View Full Version : Gut Feeling

05-19-2006, 08:54 PM
Why is it that whenever my gut tells me that I am going to have problems with new customers, that it always happens like 99.9% of the thing?

Perfect example. Picked up a new customer about a month ago. Did some overseeding in their lawn and a weed/feed application. Came out to around $170. I still have not received payment from them yet and it was due on the 15th. When I met them I just had this feeling that they would try to stiff me or be late payers. I sent out a past due notice tomorrow, and if I don't get payment by next Wednesday, they are done.

05-19-2006, 09:05 PM
What kind of signs made you worried about this customer?

05-19-2006, 09:13 PM
Little things:
1. *The appearence of the inside of the house (whether there are dirty dishes, clothes scattered about, dust on bookshelves and stands, etc.
2. *The appearance of the outside of the house (whether it has been mowed rently, how much pet damage is done outside)
3. *Toys. *Now from my opinion, the more toys someone has, the harder it will be to get payment from them. *I mean like snowmobiles, four wheelers, etc.

05-19-2006, 09:22 PM
Very interesting.

So maybe the more toys they have, the less money they have to pay for services?

05-19-2006, 09:54 PM
I think so. I think that they are so far in debt that they have problems paying bills. Now not everybody is like this though. Some people have lots of toys, lots of money, and makes the payments on time, but from just "my" experience, it's the other way around

05-19-2006, 10:42 PM
I am sorry about this happening.

How will you handle it if the customer doesn't follow through with payment?

05-20-2006, 01:10 AM
I will usually send them one past due notice, and give them 30 days. If I haven't received anything in the mail, then I send another past due notice with a letter stating that I will turn it over to a collections agency and/or small claims court

05-21-2006, 06:46 PM
Let us know how this turns out.

I am sure others reading this can learn from it.

05-22-2006, 05:23 PM
Anymore this is a reason that I want people to place a credit card on file

05-22-2006, 05:25 PM
That is not a bad idea at all. In fact what if you instituted a policy where if a job was over $X then a customer had to give a credit card number?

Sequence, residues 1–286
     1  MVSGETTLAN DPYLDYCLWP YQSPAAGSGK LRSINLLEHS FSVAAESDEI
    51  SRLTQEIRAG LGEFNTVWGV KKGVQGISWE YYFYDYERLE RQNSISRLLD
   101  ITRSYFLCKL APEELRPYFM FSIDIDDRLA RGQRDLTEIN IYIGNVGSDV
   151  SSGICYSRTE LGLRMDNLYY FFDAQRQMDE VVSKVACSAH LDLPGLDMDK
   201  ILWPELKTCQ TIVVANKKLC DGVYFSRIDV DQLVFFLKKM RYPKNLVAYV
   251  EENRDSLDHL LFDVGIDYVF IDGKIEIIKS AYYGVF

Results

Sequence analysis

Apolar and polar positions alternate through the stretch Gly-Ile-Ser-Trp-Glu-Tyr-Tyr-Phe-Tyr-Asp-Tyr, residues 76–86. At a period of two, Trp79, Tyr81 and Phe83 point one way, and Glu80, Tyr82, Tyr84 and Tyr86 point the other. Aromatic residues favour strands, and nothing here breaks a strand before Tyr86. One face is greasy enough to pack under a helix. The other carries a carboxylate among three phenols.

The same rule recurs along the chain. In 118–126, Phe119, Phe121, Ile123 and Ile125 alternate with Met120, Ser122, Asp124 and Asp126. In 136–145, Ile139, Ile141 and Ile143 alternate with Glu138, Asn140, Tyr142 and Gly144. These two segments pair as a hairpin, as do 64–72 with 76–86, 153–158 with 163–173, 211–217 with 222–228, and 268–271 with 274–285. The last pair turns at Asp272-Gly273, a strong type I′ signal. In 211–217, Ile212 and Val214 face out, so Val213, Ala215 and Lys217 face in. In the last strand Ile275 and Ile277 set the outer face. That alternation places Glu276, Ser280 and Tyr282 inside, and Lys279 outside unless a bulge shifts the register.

Howard Roark
05-27-2006, 09:05 PM
I'm fully with you on the "gut feeling" thing. Everytime I feel a red flag one always seems to come up. Last year I wasn't as good at it, but this year I'm turning them away if I feel things aren't right.

Good luck!

05-30-2006, 01:01 PM
Hi Howard,

If you sense there is something wrong with a potential client, how do you go about turning them away without upsetting them? Or turning it into a problem?

05-30-2006, 08:14 PM
By the way, update on this story..still have not received payment from them

Howard Roark
05-30-2006, 09:49 PM
Quote[/b] (Team Gopher @ May 30 2006,2:01)]Hi Howard,

If you sense there is something wrong with a potential client, how do you go about turning them away without upsetting them? Or turning it into a problem?
One example of this happened just last week. A gentleman called me and the first words out of his mouth were how "Picky they were about their yard..". This attitude is fine, but doesn't work well with my business plan. The customers I never hear from or never see are my best ones.

Well, I made every attempt to either sign him up for weekly or even bi-weekly service, and he kept replying "We'll determine that after the first mow..". I honestly should have told him it didn't look like we would be the company to service his lawn, but because I had 2 other lawns in his cul-de-sac, I let myself get greedy and go along. Big mistake.

When I arrived, he proceeded to show me every nook and cranny of what they wanted in the yard, and the backyard had more unprotected plants and flowers in the lawn than I could count. Who the heck plants a banana tree in the middle of their yard??